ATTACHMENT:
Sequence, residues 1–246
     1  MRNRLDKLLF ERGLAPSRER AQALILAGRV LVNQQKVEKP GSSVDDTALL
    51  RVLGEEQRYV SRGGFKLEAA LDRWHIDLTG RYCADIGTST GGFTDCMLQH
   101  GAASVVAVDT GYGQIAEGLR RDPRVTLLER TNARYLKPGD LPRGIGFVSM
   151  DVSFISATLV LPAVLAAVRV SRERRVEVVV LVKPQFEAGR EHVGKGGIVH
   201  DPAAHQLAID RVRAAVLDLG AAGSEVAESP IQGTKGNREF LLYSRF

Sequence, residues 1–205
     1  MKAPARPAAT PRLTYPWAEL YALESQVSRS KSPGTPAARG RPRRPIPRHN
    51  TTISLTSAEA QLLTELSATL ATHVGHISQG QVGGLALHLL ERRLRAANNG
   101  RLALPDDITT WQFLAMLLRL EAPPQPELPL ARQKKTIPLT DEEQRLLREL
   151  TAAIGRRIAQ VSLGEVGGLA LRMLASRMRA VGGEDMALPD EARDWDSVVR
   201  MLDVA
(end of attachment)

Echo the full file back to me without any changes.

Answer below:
Sequence, residues 1–246
     1  MRNRLDKLLF ERGLAPSRER AQALILAGRV LVNQQKVEKP GSSVDDTALL
    51  RVLGEEQRYV SRGGFKLEAA LDRWHIDLTG RYCADIGTST GGFTDCMLQH
   101  GAASVVAVDT GYGQIAEGLR RDPRVTLLER TNARYLKPGD LPRGIGFVSM
   151  DVSFISATLV LPAVLAAVRV SRERRVEVVV LVKPQFEAGR EHVGKGGIVH
   201  DPAAHQLAID RVRAAVLDLG AAGSEVAESP IQGTKGNREF LLYSRF

Sequence, residues 1–205
     1  MKAPARPAAT PRLTYPWAEL YALESQVSRS KSPGTPAARG RPRRPIPRHN
    51  TTISLTSAEA QLLTELSATL ATHVGHISQG QVGGLALHLL ERRLRAANNG
   101  RLALPDDITT WQFLAMLLRL EAPPQPELPL ARQKKTIPLT DEEQRLLREL
   151  TAAIGRRIAQ VSLGEVGGLA LRMLASRMRA VGGEDMALPD EARDWDSVVR
   201  MLDVA